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First detailed picture of a cancer-related cell enzyme in action on a chromosome unit

A landmark study published in the journal Nature provides new insight into the function of an enzyme related to the BRCA1 breast cancer protein. The study by a team at Penn State University is the first to produce a detailed working image of an enzyme in the Polycomb Repressive Complex 1 (PRC1) – a group that regulates cell development and is associated with many types of cancer.

Enzymes like PRC1 turn on or turn off the activity of genes in a cell by manipulating individual chromosome units called nucleosomes. “The nucleosome is a key target of the enzymes that conduct genetic processes critical for life,” said Song Tan, professor of biochemistry and molecular biology at Penn State University and the leader of the study’s research team.

The Penn State scientists obtained the first crystal structure of a gene regulation enzyme while it is working on a nucleosome. The image reveals previously unknown information about how the enzyme attaches to its nucleosome target. Before this study, scientists had been unable to picture exactly how cancer-related enzymes in the PRC1 group interacted with a nucleosome to control gene activity. The study is also the first to determine the crystal structure of a multisubunit protein complex bound to a nucleosome, which itself is a complex assembly of DNA and 4 histone proteins.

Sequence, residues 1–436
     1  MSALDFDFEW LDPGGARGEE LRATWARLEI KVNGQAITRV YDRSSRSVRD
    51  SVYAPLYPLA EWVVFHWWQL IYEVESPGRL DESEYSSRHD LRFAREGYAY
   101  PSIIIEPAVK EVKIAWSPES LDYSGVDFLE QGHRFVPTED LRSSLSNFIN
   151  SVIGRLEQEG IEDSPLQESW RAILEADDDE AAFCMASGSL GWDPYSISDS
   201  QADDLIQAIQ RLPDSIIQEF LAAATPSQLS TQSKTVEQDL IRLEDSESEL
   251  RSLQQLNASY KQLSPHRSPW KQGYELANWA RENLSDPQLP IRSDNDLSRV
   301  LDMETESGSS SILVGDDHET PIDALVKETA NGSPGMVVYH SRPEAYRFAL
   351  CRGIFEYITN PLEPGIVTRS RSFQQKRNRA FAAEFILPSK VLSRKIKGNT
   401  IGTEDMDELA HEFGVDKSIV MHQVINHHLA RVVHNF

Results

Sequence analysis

This image reveals the crystal structure of the PRC1 enzyme bound to the nucleosome
This image reveals the crystal structure of the PRC1 enzyme (yellow, blue and red) bound to the nucleosome (DNA in light blue, histone proteins in purple, light green, light yellow and pink). Credit: Song Tan lab, Penn State University.

Source

Crystal structure of the PRC1 ubiquitylation module bound to the nucleosome, Robert K. McGinty, Ryan C. Henrici & Song Tan, Nature, doi:10.1038/nature13890, published online 29 October 2014.

Source: Penn State Eberly College of Science